Howland schools to join TCTC

HOWLAND – After several years of discussing the benefits of joining the Trumbull County Career and Technical Center, the Howland Board of Education on Monday decided to leave the Ashtabula County Technical and Career Center.

Citing fiscal distress and projected operating deficits, the board said the move to join TCTC, effective July 1, 2015, is in the district’s best interest, according to the resolution that was passed during Monday’s meeting.

“It’s come to a point where our district is facing some fiscal distress, and at the same time, we want to do what we can to strengthen education and learning. This is one move we think is going to do that,” Superintendent John Sheet said.

He said the goal is to both relieve fiscal distress and strengthen the vocational career readiness programs for Howland students.

Although Howland is in the second of a five-year agreement with A-Tech, Sheets said there is a clause in the contract that allows them to mutually separate if the district is in verified fiscal distress and notifies A-Tech.

The other part of the resolution passed Monday entails a motion of application to the TCTC, which would have to be approved by its board once their separation from the other center is complete.

“Hopefully, my board will see the value and I’m sure they will,” TCTC Superintendent Jason Gray said. “For me, to have Trumbull County students coming to a Trumbull County career center just makes sense. The students can be spending that time in the classroom and not commuting.”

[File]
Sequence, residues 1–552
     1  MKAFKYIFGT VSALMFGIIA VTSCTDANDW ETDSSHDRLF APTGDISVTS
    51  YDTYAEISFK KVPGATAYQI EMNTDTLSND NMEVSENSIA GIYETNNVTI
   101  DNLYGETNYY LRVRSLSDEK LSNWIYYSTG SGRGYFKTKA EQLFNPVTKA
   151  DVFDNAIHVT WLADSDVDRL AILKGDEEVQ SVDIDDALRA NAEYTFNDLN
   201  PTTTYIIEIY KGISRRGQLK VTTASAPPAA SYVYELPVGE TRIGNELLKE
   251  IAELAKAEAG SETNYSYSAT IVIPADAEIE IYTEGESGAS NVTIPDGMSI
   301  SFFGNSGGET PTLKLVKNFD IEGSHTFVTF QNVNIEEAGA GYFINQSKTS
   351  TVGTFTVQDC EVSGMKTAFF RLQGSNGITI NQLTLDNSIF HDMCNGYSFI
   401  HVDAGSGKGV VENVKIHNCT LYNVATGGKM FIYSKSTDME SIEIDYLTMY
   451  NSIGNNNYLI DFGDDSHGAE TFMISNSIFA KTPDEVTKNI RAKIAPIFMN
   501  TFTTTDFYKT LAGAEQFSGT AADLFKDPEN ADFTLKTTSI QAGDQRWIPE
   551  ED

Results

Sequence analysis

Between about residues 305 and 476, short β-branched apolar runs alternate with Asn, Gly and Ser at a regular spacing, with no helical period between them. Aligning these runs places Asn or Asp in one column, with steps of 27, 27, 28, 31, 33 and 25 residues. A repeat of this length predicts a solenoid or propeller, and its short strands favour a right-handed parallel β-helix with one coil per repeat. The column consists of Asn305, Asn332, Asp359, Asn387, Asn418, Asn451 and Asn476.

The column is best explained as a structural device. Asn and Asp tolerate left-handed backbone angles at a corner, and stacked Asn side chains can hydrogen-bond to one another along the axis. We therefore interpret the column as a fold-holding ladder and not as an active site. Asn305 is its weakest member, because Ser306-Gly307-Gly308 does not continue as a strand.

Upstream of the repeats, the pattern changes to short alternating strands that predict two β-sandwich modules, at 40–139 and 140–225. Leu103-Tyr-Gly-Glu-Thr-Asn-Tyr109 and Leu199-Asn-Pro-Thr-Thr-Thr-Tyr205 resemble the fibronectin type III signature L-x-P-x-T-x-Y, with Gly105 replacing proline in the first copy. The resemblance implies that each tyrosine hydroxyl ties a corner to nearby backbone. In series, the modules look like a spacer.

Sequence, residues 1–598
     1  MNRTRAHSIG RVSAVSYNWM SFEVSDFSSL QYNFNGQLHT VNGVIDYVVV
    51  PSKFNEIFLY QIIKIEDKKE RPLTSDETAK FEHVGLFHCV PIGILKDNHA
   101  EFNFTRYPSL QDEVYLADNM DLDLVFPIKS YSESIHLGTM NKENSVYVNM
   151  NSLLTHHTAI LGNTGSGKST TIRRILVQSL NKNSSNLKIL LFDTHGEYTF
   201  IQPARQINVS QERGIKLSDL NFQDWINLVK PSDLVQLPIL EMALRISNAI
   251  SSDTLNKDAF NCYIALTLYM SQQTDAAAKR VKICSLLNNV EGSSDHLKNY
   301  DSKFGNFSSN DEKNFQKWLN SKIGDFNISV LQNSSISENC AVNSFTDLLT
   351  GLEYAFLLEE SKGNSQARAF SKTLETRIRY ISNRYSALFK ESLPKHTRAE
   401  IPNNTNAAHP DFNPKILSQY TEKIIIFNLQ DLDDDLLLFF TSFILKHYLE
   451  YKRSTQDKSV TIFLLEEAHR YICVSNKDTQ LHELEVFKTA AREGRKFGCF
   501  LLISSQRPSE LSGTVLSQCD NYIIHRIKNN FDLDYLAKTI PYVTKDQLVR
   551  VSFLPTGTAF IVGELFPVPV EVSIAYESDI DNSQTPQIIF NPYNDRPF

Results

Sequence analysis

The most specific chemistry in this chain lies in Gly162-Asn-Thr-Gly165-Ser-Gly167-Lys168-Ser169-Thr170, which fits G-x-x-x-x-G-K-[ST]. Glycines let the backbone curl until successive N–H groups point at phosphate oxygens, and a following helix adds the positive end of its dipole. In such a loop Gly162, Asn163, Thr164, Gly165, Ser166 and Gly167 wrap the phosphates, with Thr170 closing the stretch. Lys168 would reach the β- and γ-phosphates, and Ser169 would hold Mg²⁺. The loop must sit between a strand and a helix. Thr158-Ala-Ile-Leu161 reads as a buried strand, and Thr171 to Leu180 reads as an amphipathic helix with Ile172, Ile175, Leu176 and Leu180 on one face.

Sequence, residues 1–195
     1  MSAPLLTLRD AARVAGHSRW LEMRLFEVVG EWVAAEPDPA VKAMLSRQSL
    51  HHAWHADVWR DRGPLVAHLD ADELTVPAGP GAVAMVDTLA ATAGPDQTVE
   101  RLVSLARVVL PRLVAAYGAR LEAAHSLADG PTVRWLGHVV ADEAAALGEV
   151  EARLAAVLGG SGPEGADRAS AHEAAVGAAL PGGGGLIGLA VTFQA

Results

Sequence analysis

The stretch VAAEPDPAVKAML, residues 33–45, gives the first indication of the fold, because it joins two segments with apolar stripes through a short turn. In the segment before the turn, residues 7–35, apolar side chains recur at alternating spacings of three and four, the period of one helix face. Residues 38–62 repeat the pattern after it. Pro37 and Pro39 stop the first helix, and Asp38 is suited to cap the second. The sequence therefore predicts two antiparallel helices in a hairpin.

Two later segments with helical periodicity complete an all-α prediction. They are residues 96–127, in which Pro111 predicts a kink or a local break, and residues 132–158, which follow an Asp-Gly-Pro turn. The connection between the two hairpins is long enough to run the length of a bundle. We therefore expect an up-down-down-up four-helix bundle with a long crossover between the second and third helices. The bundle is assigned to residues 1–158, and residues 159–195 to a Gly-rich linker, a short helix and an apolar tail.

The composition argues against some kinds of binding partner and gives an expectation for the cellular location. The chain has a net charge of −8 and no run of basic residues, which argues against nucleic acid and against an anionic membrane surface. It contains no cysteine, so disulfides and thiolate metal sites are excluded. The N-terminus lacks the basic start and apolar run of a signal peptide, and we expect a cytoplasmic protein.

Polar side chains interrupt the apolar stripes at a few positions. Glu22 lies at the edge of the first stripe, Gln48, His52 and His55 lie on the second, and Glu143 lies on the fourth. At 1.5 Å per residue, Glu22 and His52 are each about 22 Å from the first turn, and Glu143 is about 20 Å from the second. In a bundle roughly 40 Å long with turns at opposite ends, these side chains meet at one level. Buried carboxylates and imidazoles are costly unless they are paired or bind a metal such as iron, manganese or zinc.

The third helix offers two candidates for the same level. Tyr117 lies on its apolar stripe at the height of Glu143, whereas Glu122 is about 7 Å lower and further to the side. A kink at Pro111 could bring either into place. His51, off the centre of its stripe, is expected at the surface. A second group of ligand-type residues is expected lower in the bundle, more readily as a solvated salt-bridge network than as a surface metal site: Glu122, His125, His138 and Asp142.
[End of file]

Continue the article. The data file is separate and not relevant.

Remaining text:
Howland school board President Warner Bacak said although the agreement with A-Tech has been beneficial, the move to a closer vocational school is a good decision.

“The kids that leave the school and go off campus don’t have the ability to interact with kids in their class; they don’t have the ability to engage in after-school activities with some because they don’t get back in time,” he said. The move also will keep the money local.

Both Bacak and Sheets said they hope members of the community will see the move as a positive one.

“I think some people have known it’s coming, but it’s not an easy thing for people to pay more money in taxes, but … I hope they understand,” Bacak said.

Gray said the move is still not set in stone.

“It’s all contingent on the end of that expiration. TCTC welcomes them, but we can’t enter into an agreement with them while they’re under contract. It’s all a waiting game,” he said.

Howland is the only Trumbull County school district that is not part of the TCTC.

The district opted for A-Tech in 2002, when the former Gordon D. James Career Center in Lordstown disbanded, to save its taxpayers the imposed 2.4 mills required to join TCTC. A-Tech charges Howland based on the number of students enrolled.

In a September board meeting on the topic, district treasurer Thomas Krispinksy said that 92 Howland students enrolled last school year, costing the district about $402,000. Twenty or fewer made the 42-minute bus ride to A-Tech in Jefferson. Most of the students participated in work-study programs or multi-media classes offered at Howland through A-Tech, he said.

It costs the district about $8,500 annually per student commuting to A-Tech and $3,200 per pupil in the programs in Howland, he said.

TCTC would require Howland to impose the tax increase. With an effective rate of 2.1 mills, it would cost property owners $76 per year for every $100,000 in value, according to the county auditor’s office. It would generate about $1.15 million for TCTC.